Nashville police have released body-camera video worn by officers who responded to the deadly mass shooting at a Christian grade school on Monday and fatally shot the shooter, a former student who authorities say killed three children and three adults.
The slain children were identified by police as Evelyn Dieckhaus, Hallie Scruggs and William Kinney, all aged 9. The adults were Cynthia Peak, a 61-year-old substitute teacher; Mike Hill, a 61-year-old custodian; and the 60-year-old head of the school, Katherine Koonce.
The footage from Officer Rex Engelbert’s body camera shows him arriving at the Covenant School at 10:27 a.m., about 14 minutes after calls were made that an active shooter was on the school’s campus.
After pulling into the parking lot and grabbing his gun, Engelbert is informed by a staffer that the students are inside and locked down but that two are missing. “I need three, let’s go!” Engelbert yells to fellow officers before entering the school.
Alarms are heard blaring inside, as Engelbert, his fellow police officer Michael Collazo and three unidentified officers move from room to room with their long guns drawn.
Within minutes, they arrive on the second floor, where gunfire can be heard. They then encounter and fire on the shooter, identified by police as Audrey Elizabeth Hale, who was fatally wounded.
Surveillance video shows suspect shoot through doors, roam halls
Footage from surveillance cameras released by Nashville Police on Monday night shows Hale arrive at the school in a Honda Fit shortly before 10 a.m. local time.
The chilling video taken from inside the school at 10:13 a.m. captures the glass in a set of doors shattering, before Hale — wearing a vest, camouflage pants and a red baseball cap turned backward — climbs through one of the door frames.
Hale is then seen roaming empty hallways with emergency lights flashing, pointing a long gun at various points.
The footage released Monday does not show any of the victims, nor does it show Hale being fatally shot by police.
Authorities also released photos of Hale’s car parked in the parking lot and a police cruiser with bullet holes. According to police, Hale fired on officers from a second-story window as they arrived at the school.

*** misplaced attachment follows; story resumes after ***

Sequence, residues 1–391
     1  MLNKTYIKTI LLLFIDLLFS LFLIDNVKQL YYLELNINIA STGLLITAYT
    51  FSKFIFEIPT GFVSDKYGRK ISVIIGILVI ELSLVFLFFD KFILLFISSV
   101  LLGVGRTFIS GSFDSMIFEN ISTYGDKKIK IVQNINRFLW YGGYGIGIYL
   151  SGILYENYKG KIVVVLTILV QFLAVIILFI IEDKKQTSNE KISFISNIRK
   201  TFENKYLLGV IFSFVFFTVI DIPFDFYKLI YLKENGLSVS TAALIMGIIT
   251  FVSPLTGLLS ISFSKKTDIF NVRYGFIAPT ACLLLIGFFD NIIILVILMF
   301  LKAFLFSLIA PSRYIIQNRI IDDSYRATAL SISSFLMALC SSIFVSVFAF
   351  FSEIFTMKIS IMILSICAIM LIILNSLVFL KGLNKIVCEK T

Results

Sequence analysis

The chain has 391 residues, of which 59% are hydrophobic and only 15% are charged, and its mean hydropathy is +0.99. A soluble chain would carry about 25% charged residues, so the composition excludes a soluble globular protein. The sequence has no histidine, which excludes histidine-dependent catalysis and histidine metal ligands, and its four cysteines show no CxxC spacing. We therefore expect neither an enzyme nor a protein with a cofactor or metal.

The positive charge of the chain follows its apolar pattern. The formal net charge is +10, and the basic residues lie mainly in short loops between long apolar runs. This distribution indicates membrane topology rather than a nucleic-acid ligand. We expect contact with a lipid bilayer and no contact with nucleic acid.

Shooter messaged former classmate on Instagram before massacre
Averianna Patton, a former middle school basketball teammate of Hale’s, told Nashville’s WTVF-TV that Hale messaged her on Instagram minutes before the attack and told her she planned to kill herself.
“I’m planning to die today,” Hale’s first message sent to Patton read. “THIS IS NOT A JOKE!!!!”
“You’ll probably hear about me on the news after I die. This is my last goodbye. I love you. See you again in another life,” she continued.
Patton responded by telling Hale “you have so much more life to live.”
“I know but I don’t want to live,” Hale replied. “I’m so sorry. I’m not trying to upset you or get attention. I just need to die.”
“I wanted to tell you first because you are the most beautiful person I’ve ever seen and known all my life,” Hale continued.
“My family doesn’t know what I’m about to do,” Hale added. “One day this will make more sense. I’ve left more than enough evidence behind. But something bad is about to happen.”
According to Patton, the messages were sent around 9:57 a.m., or about 16 minutes before the first 911 call was made.
Patton told WTVF-TV that she called the Suicide Prevention Help Line at 10:08 a.m., before calling the Davidson County Sheriff’s Office five minutes later. The sheriff’s office told her to call Nashville’s nonemergency line, which placed her on hold for nearly seven minutes.
When she finally got through, Patton said she was told that an officer would be sent to her home.
An officer did come to her home — at about 3:30 p.m., hours after shootings.
“My heart is with all of the families affected,” Patton said. “And I’m devastated by what has happened.”